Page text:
Focused on females aged 20 to 35, Stradi outfits those "who are too young to dress like their mothers, but too sophisticated to dress like teenyboppers," its website reads. It was founded in Sabadell, Spain, in 1994 and bought by Inditex in 1999. During the past two decades, Stradivarius debuted in 60 countries (note: NOT the U.S.) from Kazakhstan to France to Colombia — that's 871 stores and counting — and raked in more than €1 billion ($1.36 billion) in sales for 2013.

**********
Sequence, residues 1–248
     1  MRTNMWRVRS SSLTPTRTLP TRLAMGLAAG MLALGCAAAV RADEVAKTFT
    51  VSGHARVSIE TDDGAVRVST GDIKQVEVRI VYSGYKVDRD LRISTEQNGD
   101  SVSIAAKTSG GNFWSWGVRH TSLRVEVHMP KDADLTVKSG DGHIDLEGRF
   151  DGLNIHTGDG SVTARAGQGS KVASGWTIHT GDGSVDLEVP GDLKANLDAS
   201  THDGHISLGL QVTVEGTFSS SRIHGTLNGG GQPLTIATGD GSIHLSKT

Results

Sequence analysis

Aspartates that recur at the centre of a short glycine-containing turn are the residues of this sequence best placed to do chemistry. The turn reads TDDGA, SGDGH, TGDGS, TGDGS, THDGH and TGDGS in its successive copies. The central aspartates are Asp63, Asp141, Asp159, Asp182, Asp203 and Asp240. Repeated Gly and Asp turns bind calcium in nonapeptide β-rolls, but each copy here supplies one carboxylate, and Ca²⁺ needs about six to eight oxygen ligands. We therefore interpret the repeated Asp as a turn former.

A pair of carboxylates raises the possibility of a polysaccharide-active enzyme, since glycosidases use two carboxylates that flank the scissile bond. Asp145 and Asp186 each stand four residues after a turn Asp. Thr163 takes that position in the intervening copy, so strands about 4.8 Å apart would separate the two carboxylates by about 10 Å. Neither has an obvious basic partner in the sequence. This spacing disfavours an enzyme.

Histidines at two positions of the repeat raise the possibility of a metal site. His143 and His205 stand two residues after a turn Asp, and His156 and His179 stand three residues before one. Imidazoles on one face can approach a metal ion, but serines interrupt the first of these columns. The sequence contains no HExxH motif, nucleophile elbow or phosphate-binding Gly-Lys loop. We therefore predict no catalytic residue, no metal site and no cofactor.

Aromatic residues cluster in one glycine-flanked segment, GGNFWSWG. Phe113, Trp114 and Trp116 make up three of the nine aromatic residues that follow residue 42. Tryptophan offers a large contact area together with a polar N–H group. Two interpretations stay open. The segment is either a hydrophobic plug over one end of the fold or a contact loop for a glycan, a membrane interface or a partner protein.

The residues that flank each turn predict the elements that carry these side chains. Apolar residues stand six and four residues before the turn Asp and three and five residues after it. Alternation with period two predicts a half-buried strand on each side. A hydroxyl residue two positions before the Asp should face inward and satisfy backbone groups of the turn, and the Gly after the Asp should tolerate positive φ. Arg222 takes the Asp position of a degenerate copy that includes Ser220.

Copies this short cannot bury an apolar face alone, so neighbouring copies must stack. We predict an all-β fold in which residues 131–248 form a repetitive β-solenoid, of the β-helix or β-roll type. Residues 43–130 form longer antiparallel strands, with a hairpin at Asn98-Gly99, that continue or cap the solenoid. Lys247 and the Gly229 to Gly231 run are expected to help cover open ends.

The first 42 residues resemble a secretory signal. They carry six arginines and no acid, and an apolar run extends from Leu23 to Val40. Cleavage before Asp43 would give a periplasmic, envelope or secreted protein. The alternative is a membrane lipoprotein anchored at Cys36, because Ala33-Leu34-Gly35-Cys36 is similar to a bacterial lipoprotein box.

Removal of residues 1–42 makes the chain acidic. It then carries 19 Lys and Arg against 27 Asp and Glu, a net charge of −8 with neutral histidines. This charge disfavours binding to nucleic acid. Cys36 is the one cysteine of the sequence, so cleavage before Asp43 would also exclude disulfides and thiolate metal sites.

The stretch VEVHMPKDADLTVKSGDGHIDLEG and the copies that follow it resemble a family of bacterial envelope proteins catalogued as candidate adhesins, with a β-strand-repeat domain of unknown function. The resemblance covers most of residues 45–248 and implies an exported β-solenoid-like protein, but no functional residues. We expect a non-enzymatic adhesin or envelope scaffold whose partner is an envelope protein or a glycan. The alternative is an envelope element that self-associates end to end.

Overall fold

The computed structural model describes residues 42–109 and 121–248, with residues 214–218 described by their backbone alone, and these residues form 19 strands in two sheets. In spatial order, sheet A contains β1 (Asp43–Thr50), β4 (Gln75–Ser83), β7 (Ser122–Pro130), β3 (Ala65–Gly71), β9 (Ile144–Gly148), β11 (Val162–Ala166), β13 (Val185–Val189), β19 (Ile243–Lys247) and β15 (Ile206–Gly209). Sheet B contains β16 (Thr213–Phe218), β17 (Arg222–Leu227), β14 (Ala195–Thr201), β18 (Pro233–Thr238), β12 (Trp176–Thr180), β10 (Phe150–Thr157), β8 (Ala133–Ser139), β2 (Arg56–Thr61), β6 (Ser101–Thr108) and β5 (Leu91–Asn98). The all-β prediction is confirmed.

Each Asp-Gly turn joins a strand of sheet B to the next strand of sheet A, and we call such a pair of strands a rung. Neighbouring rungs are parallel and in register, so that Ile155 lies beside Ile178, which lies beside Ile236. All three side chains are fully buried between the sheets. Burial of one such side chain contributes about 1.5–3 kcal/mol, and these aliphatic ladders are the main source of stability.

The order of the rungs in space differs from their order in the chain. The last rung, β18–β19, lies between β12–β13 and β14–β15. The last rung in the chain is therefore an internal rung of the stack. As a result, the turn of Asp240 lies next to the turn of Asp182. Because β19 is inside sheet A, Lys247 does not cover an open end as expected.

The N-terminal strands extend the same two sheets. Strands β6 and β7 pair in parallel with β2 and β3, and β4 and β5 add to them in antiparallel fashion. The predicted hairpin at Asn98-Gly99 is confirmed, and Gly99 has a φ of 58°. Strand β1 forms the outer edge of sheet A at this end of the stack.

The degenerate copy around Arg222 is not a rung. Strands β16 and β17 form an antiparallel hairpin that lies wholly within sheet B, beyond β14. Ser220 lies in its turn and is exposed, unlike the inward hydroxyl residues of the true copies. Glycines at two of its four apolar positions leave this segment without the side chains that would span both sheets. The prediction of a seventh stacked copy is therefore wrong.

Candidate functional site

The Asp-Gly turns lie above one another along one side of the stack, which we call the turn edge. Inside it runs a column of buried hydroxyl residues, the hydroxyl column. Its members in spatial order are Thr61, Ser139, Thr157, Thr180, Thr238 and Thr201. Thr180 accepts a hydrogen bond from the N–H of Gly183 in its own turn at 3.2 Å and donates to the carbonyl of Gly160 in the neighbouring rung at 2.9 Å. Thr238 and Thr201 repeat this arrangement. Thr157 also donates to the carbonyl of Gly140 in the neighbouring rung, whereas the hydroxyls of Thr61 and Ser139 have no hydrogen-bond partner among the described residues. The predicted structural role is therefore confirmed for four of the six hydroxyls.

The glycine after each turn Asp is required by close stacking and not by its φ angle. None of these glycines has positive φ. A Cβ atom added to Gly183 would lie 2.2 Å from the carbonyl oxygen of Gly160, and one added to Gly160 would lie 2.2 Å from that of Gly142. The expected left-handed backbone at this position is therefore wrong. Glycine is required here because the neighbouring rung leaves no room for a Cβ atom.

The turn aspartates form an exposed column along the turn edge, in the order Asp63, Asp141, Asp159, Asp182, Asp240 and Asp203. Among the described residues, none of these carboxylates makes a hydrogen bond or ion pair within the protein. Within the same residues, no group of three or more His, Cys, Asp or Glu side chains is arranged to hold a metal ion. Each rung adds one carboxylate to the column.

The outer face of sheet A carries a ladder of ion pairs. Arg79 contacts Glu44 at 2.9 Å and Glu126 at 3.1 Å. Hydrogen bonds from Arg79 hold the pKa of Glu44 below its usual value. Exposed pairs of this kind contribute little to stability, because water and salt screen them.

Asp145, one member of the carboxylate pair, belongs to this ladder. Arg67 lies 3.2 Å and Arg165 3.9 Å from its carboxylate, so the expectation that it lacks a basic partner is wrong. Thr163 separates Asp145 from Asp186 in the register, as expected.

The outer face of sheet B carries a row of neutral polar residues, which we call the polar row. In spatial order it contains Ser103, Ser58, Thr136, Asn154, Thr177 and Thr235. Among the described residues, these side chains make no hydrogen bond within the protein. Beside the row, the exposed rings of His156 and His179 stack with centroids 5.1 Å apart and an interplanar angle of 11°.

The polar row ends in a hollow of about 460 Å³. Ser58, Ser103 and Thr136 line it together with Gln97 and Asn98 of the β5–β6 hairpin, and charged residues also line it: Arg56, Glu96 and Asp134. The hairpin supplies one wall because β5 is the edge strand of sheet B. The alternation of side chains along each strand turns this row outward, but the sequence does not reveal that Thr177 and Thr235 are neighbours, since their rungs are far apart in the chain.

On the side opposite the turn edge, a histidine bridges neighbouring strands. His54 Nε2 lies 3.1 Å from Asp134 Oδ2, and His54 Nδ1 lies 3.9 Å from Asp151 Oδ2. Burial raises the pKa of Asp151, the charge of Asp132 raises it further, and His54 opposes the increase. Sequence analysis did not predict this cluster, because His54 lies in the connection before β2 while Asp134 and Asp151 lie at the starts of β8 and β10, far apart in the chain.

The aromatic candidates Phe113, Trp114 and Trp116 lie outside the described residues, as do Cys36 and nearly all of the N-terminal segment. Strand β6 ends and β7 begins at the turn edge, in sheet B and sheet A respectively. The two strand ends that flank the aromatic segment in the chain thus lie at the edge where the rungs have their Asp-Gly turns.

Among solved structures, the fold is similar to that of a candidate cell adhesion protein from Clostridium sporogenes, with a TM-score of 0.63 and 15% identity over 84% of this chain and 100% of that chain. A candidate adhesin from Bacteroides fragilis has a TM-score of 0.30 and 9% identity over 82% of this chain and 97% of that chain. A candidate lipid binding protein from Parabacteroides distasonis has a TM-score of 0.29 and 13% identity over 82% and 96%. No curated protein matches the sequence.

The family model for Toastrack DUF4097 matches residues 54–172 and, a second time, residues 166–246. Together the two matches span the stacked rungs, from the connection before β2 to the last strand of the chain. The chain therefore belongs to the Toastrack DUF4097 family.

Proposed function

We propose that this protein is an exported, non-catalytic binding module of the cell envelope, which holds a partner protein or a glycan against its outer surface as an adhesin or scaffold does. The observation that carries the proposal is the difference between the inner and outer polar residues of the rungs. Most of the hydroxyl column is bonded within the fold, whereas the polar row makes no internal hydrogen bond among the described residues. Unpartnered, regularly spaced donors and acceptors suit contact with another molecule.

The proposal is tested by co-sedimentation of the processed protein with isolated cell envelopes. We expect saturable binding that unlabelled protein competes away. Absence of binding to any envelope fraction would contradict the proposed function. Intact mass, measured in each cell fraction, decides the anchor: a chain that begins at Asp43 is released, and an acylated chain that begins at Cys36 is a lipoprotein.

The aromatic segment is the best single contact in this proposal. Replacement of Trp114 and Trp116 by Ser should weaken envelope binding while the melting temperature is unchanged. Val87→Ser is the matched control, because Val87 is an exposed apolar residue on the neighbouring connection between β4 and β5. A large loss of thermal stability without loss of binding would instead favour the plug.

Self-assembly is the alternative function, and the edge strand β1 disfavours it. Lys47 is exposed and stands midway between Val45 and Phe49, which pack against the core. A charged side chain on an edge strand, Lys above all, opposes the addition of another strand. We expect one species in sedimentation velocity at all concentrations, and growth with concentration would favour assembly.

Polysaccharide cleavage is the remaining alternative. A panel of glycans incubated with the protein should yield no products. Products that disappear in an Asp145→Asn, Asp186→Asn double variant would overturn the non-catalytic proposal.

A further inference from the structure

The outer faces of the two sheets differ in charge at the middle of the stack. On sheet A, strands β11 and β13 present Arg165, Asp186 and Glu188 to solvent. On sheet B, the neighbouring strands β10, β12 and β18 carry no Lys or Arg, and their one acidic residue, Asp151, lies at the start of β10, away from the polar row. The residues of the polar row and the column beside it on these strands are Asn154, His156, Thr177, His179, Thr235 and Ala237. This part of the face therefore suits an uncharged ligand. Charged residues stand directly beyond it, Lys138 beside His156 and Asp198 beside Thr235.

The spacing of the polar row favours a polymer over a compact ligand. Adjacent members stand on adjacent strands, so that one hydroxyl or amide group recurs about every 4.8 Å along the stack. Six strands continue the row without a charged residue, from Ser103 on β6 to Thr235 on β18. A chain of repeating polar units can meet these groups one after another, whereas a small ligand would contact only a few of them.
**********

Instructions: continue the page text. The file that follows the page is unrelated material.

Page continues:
As for the line's aesthetic: "On sight alone it's hard to decipher it from its big sister [Zara], which will surely draw in customers," the Telegraph points out, and we concur. The Brit paper's had ample time to study Stradi's striped tops and wide-legged trousers, since the brand launched e-commerce in the U.K. last year. (Remember, brick-and-mortar Zaras opened Stateside eons before we could shop it online.) So, do we lobby for Stradivarius stores on American soil, or access to its e-tail? Either way, U.S.A! U.S.A.!